JD, Yale University
Sarahi Uribe is the child of immigrants from Mexico
Fellowship awarded to support work towards a JD in Law at Yale University
As a child, Sarahi learned how to navigate between two worlds: her working-class Mexican parents' home and the privileged enclaves of the private schools she attended on full scholarship. The ability she developed to communicate with all kinds of people has served her well as a community organizer and coalition-builder.
A turning point in Sarahi's life came when her father was arrested, imprisoned and deported. Not present when Sarahi graduated from Yale with a degree in history, her father died a few months later in Mexico.
Over the following years Sarahi worked to honor her family's struggles by providing legal support to parents in detention, organizing with low-wage immigrant workers to recover their unpaid wages, and leading efforts to enact pro-immigrant local laws.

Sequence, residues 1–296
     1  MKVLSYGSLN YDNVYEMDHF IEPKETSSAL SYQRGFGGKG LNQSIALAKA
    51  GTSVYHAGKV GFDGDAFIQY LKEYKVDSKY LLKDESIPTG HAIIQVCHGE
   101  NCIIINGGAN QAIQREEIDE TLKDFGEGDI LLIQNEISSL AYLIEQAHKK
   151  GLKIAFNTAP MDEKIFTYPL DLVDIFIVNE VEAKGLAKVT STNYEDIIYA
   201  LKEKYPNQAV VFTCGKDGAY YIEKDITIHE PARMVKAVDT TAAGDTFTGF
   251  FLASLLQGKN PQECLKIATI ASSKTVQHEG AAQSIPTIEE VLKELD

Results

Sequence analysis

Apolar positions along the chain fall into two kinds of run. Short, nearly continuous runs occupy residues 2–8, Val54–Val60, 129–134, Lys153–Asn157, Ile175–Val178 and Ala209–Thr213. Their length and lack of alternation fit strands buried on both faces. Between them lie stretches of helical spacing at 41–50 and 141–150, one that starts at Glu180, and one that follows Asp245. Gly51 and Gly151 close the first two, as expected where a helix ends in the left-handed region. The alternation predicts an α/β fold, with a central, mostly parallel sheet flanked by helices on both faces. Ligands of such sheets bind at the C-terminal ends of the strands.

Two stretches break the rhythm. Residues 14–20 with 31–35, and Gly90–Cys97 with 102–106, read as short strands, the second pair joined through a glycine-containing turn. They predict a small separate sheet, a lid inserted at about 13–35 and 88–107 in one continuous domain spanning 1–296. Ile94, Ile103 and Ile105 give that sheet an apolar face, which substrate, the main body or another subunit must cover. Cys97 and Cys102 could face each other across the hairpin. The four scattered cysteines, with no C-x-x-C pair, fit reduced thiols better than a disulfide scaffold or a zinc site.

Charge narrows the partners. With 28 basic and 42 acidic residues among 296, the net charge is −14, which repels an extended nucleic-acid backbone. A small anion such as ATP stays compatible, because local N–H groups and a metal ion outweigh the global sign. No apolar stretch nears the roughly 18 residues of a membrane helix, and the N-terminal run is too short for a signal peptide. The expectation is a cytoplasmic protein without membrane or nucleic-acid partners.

Her work at the National Day Laborer Organizing Network helped establish the organization as a prominent leader in immigration reform, challenging mass deportation enforcement policies. She has been published in The Guardian, The Washington Post, and The Nation.
Sarahi is currently working toward her JD at Yale Law School, and aims to focus her career on decriminalizing immigrant communities and challenging mass incarceration. She plans to someday serve communities as an elected public official.